Year : 2015  |  Volume : 18  |  Issue : 3  |  Page : 414--415

Malpositioning of right internal jugular central venous catheter into right external jugular vein forming "figure of eight"

Sohan Lal Solanki, Raghu S Thota, Vasant P Patil 
 Department of Anaesthesiology, Critical Care and Pain, Tata Memorial Centre, Mumbai, Maharashtra, India

Correspondence Address:
Sohan Lal Solanki
Department of Anaesthesiology, Critical Care and Pain, 2nd Floor, Main Building, Tata Memorial Centre, Parel, Mumbai - 400 012, Maharashtra

How to cite this article:
Solanki SL, Thota RS, Patil VP. Malpositioning of right internal jugular central venous catheter into right external jugular vein forming "figure of eight".Ann Card Anaesth 2015;18:414-415

How to cite this URL:
Solanki SL, Thota RS, Patil VP. Malpositioning of right internal jugular central venous catheter into right external jugular vein forming "figure of eight". Ann Card Anaesth [serial online] 2015 [cited 2021 Sep 18 ];18:414-415
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Full Text

The Editor,

A 55-year-old, American Society of Anesthesiologist I male patient underwent completion colectomy and small bowel resection anastomosis for cancer colon. He was operated for left hemicolectomy 2 months back. He was in postoperative intensive care unit after surgery. On postoperative day 2, central venous cannulation was done in right internal jugular vein (IJV) under full aseptic precautions for total parenteral nutrition. Puncture of the IJV and confirmation of guidewire position in IJV was done under ultrasound guidance. After catheter placement, chest X-ray was done to confirm the position of the catheter, it was found to be in ipsilateral external jugular vein (confirmed by radiologist) and made a "figure of 8" on chest X-ray [Figure 1]a]. Again under the full aseptic precautions and ultrasound guidance, it was removed half and again guidewire was placed and repositioned. Chest X-ray postrepositioning showed a normally placed catheter [Figure 1]b].{Figure 1}

The most common indications for the central venous catheter (CVC) placements are central venous pressure monitoring, infusion of vasoactive agents and total parenteral nutrition. Insertion of the CVC has some complications that are mostly arterial puncture, pneumothorax and hematoma that are presented mostly during insertion of a catheter. The incidence of malpositioning of CVC placement varies in different routes of CVC placement.

Pikwer et al., [1] reported the total 3.3% (confidence interval 25% to 4.3%) incidence of catheter tip malpositioning on radiography. Right subclavian vein had the highest risk (9.1%) of malposition as compared with the right IJV (1.4%). [1] Ruesch et al., [2] in a systematic review reported that the catheter malposition rates were 9.3% and 5.3% for subclavian vein and IJV catheterization, respectively.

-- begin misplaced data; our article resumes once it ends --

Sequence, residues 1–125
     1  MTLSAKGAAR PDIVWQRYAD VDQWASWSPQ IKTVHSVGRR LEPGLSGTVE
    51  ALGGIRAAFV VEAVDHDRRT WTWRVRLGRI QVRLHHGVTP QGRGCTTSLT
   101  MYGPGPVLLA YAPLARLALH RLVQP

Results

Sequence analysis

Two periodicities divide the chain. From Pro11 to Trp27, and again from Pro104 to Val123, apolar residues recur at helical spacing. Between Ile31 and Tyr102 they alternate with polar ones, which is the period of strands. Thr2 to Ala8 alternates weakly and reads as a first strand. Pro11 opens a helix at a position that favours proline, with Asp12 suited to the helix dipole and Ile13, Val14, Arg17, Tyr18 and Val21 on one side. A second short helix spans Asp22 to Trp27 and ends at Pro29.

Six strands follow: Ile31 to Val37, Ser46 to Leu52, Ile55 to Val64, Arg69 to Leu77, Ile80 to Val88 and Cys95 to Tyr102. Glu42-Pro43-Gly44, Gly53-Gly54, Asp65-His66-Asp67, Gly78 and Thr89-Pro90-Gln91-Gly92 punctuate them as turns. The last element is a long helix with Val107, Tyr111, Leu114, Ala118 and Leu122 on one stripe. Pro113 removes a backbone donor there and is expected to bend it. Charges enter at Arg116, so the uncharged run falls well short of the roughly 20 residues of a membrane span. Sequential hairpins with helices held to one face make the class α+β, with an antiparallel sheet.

Bankier et al., [3] in a study of 1,287 examinations and 3,441 follow-up examinations of chest X-ray after CVC placement reported that left-sided CVC placement have significantly high chances of azygos arch cannulation than right side CVC (P = 0.001). Turi et al., [4] reported the anterior mediastinal positioning of right subclavian CVC and subsequent perforation of vena cava. Other rare malformations reported are, deviation of right IJV catheter into the left and projected over the aortic knuckle, [5] malpositioning of left IJV catheter into right internal mammary artery [6] and also report of left external jugular catheter malpositioning into the left IJV. [7]

In our case, the right IJV catheter, turn toward the ipsilateral subclavian and entered into the ipsilateral external jugular vein. External jugular vein traverses the deep fascia of subclavian triangle and ends in the subclavian vein, lateral or anterior to scalenus anterior. It has valves at its entrance into the subclavian vein and about 4 cm above the clavicle. Possible complications of such malpositioning may be the perforation of the vein if the caliber is so small and also injury due to the presence of valves. If the catheter takes "U" turn and enters into the same vein (right IJV in our case), and knot formation occurs, it can be a more dangerous complication requiring surgical intervention.

Real-time ultrasound is recommended now a day for puncture of vein and confirmation of correct placement of guidewire into the vein after puncture and it is good for IJV puncture and confirmation of guidewire in vein but studies failed to prove benefits of ultrasound for subclavian vein cannulation. [8] Chest X-ray is still mandatory to rule out the catheter malposition.


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